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Outlook and challenges

As follows from the modelling analysis, one would expect that, based on the evolution of structural factors, the milk price will show a gradual increase both in the EU and on the world market. According to the OECD-FAO (2010) outlook, world milk production is expected to grow at about 2% per annum over the period 2005-19, while the increase of milk output in the European Union will be limited to only 0.1% per annum. According to the FAPRI projection, the growth of EU milk production may be 0.4% per annum, which is substantially higher than the OECD-FAO projection, but still among the lowest growth rates observed in the world. World trade in dairy products is projected to increase at about 1% per annum, which is less than the average increase in production. This reflects that dairy production in exporting countries is projected to grow less fast than production in importing countries. However, New Zealand is projected to increase its market share, which is already high, even further in the future. As such, the impact of weather on New Zealand’s milk production, which was already a factor contributing to the recent price volatility, may become even more critical in the future. The OECD-FAO projections show a gradual increase in world market prices for butter, cheese and SMP. Since this price increase exceeds expected inflation, the period of declining real dairy prices has come to an end, according to these recent projections. The OECD-FAO projected milk price for the EU in 2019 is EUR 28/100 kg (FAPRI projects a price of about EUR 29.5/100 kg), which although higher than the intervention price, still implies a real price decline of about 3%. As such, the development of the milk price in the European Union is less favourable than the one projected for the world market.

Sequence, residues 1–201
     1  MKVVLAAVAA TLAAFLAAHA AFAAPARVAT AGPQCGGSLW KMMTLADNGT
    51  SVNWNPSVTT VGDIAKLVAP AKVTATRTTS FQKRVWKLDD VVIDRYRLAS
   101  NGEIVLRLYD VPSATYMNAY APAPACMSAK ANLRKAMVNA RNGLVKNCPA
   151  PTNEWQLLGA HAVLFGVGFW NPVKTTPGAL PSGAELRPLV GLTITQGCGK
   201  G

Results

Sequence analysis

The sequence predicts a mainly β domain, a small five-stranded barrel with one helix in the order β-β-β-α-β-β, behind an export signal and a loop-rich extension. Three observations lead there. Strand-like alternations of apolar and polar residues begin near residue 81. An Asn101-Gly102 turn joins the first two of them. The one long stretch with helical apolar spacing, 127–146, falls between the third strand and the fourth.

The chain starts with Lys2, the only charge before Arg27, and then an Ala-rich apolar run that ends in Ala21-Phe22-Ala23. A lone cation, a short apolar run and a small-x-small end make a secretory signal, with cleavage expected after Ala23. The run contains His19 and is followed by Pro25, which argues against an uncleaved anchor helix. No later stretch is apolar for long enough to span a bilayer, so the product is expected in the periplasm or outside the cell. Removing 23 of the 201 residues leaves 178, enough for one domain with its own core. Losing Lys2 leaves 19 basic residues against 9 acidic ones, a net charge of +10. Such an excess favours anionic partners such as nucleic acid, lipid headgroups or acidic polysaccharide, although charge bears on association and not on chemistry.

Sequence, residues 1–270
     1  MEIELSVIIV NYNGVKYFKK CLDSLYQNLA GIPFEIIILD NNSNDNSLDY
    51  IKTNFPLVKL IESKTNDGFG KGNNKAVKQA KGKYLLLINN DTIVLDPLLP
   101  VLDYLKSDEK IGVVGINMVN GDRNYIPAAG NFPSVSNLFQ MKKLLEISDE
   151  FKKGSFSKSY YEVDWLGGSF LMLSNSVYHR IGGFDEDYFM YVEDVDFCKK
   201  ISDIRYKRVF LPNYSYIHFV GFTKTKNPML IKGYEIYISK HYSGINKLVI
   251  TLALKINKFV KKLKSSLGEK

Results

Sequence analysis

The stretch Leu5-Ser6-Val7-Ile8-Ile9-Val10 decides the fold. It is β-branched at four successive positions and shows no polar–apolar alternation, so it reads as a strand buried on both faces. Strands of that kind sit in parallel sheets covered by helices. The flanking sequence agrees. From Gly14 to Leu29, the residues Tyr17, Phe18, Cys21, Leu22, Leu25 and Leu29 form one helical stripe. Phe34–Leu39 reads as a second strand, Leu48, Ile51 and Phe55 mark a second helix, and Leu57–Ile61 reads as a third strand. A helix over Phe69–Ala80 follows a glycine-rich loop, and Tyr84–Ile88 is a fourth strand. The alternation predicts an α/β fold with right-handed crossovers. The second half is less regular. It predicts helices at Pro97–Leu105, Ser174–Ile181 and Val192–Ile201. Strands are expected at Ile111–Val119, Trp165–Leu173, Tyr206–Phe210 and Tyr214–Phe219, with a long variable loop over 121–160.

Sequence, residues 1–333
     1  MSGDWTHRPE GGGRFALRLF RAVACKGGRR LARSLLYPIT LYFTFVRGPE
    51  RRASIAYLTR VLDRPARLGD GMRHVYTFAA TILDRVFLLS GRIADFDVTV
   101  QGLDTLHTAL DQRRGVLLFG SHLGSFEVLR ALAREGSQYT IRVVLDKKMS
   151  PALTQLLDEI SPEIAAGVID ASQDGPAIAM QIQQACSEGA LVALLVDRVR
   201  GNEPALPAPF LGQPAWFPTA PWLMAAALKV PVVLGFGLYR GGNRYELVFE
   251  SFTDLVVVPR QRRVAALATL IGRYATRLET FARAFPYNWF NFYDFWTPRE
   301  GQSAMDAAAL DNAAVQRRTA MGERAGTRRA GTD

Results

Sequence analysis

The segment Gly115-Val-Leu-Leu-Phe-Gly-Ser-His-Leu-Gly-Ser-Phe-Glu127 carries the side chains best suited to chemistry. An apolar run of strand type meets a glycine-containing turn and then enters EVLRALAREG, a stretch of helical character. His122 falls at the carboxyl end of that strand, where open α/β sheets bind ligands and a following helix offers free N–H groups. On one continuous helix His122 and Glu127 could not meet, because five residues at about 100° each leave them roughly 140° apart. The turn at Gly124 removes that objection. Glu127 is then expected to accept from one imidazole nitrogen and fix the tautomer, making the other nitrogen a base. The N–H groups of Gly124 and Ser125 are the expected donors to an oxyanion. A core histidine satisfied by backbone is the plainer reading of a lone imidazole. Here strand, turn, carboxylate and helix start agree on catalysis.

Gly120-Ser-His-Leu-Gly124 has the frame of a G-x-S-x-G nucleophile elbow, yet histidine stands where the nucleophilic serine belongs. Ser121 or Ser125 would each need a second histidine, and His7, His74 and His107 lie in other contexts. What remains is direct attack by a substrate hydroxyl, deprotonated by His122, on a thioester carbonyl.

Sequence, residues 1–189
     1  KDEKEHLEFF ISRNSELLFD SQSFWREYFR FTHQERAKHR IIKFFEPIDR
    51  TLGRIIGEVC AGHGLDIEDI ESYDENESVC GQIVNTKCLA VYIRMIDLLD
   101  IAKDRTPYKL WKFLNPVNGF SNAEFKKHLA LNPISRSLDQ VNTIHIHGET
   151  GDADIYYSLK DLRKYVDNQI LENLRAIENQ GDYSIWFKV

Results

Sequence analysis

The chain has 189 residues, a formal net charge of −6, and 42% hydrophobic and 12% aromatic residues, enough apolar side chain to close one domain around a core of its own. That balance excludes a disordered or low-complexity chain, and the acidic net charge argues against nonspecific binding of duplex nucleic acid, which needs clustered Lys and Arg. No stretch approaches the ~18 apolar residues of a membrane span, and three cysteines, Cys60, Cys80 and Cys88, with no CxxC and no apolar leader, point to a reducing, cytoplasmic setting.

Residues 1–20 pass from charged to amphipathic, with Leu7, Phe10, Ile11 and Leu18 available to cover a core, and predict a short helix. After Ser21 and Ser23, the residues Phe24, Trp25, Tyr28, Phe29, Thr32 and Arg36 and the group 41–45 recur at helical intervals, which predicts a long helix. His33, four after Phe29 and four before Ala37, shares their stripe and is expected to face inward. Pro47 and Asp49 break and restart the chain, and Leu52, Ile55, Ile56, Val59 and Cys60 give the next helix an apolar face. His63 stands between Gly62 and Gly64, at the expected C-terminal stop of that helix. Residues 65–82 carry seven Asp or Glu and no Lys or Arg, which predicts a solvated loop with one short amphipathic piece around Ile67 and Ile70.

Neither the model simulations nor the outlook projections account for price volatility caused by ‘non-normal’ factors and shocks. However, as argued by Keane and Connor (2009), price variability for dairy products (butter, SMP) on the world market is larger than has been the case on the EU market. Since 2000, they observe increasing price volatility in the EU dairy market. With the European Union being more oriented to the world market, and the increasing integration of dairy with other markets (energy) in the (global) economy, the price volatility faced by EU farmers in the future is expected to increase and become one of the characteristics of the new environment. In order to cope with this challenge, new forms of risk management and the availability of up-to-date and independent surveillance information on developments on EU and world dairy markets will become important.

Other challenges relate to sustainability, biodiversity, regional and climate issues. Abandoning the milk quota may lead to a significant reallocation of regional milk production in the European Union, with inefficient regions (e.g. mountainous areas) losing production. Although this may be considered a gain from an efficiency perspective, to the extent that dairy farming in such regions contributes to sustainable land management, the preservation of biodiversity and/or rural viability, from a broader policy perspective alternative targeted policies (such as tailored agri-environmental schemes) may be needed to avoid politically unacceptable losses in this regard.

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